Brown and Hall agree on taxes

The Houston Chronicle reports on a futile effort by a City Councilmember, Helena Brown, to continue her one-person crusade against the Government. This is a typical Wednesday at City Hall, except to note the strange ally Brown garnered today.

As the council was set to approve the property tax rates for the year at today’s meeting, Councilmember Brown used a strange set of numbers to note that, as opposed to City data showing a 6% “revenue increase,” the Harris County Appraisal District (HCAD) notes the number is closer to 10.5%. It is important to note that a “revenue increase” just means that more money is being collected, not that the percentages have increased. This is actually, in some ways, a good sign, as it shows that property values have recovered from the economic downturn.

Councilmember Brown then proposed two amendments, one to decrease the property tax by two cents, and one to decrease it by one cent. Both measures failed, as the rest of the Council voted in unanimity against Councilmember Brown. Very conservative individuals such as Councilmember Christie, Martin and Pennington voted in favor of the measure. Accordingly, it would be unwise to conflate this with a normal left-vs-right measure.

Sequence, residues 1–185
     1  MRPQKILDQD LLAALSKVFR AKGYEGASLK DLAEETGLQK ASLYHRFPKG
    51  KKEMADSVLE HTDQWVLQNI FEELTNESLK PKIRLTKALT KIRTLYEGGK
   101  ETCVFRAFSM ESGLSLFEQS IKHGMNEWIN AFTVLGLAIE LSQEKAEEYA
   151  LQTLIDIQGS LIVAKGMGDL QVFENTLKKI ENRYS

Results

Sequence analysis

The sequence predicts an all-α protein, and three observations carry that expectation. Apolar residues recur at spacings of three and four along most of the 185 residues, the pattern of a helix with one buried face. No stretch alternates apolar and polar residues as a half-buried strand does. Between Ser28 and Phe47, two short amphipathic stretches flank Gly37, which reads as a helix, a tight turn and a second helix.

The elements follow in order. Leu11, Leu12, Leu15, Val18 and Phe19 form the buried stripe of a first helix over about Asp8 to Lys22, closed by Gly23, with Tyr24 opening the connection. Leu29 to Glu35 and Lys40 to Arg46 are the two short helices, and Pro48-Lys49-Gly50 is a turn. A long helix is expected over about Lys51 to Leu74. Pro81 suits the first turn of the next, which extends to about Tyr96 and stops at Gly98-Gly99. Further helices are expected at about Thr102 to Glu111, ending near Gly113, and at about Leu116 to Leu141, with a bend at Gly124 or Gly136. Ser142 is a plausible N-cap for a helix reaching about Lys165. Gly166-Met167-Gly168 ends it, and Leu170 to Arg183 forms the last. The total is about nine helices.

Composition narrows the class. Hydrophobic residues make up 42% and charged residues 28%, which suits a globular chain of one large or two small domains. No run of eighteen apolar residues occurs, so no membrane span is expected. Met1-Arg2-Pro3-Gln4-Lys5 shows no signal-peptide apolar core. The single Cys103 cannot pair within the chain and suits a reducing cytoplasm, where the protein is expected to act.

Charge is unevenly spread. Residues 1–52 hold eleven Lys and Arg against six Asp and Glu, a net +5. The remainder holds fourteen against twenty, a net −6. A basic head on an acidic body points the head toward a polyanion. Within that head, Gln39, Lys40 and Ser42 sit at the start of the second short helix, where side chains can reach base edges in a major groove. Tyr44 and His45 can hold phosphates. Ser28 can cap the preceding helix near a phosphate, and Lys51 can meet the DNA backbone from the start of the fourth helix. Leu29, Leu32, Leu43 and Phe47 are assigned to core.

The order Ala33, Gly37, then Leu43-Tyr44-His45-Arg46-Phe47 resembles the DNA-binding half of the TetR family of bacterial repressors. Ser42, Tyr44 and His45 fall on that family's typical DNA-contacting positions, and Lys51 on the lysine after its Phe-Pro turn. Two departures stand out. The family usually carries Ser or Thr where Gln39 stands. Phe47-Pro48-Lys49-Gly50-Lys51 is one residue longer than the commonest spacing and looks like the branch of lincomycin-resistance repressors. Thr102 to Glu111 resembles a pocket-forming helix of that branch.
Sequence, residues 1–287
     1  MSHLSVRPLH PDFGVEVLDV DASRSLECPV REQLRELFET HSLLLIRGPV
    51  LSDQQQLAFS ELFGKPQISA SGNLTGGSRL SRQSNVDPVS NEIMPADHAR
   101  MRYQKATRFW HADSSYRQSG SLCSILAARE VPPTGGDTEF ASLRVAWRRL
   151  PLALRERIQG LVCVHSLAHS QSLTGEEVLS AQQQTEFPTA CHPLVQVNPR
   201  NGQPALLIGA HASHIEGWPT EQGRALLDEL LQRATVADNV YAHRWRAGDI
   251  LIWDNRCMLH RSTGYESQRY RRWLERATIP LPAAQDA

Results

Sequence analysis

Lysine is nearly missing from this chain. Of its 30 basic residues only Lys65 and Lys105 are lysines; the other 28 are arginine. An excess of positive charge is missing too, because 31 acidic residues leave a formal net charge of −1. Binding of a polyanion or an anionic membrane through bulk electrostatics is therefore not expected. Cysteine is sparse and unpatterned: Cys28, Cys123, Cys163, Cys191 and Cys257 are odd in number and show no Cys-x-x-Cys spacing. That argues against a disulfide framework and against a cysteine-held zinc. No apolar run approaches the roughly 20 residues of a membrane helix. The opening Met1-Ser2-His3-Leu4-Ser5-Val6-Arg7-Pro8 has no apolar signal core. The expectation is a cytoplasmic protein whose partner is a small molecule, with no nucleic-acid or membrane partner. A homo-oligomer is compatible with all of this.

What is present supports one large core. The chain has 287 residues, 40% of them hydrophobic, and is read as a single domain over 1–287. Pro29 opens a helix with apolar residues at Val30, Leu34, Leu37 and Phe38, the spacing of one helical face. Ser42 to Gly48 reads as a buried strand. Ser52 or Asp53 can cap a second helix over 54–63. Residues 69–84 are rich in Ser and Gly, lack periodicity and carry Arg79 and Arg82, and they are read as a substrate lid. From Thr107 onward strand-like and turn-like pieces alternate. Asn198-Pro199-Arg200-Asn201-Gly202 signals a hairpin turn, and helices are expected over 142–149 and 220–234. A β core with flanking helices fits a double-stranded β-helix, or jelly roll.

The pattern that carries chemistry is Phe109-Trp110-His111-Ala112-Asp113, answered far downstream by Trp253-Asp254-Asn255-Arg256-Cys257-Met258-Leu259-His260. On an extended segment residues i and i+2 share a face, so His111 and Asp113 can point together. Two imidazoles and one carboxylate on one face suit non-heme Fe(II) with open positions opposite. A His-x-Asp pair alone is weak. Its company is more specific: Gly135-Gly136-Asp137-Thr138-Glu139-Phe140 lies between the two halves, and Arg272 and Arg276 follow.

Typically, such political posturing by Councilmember Brown would not be newsworthy, but what happened thereafter most definitely was. In a recent press release, Ben Hall announced support for Councilmember Brown’s exact proposal. While both Hall and Brown are correct in that, even with a two cent cut, revenue would still rise, the amount of surplus is especially important. That is because the City will soon be facing some big financial challengers, such as the unfunded pension liabilities.

This asinine policy espousal of Hall’s is absolutely ridiculous. This is a far-right position, one that I am not entirely sure Hall’s campaign understands. If Hall truly wants to get serious about paying our pension liabilities, he should not be campaigning to cut taxes unnecessarily. That reeks of Tea Party un-logic.

One thought on “Brown and Hall agree on taxes

  1. As revenues increase, so will most costs to the city. If the revenue exceeds said costs, it would make sense to put as much of the money towards existing debt, where it be pension debt of the billions more in bonded debt. Even $20 million each year over time would make a big impact on existing debt while lowering the rate would only handcuff the city. The idea that cutting employee benefits will somehow erase existing debt is also the “un-logic of the tea party”.

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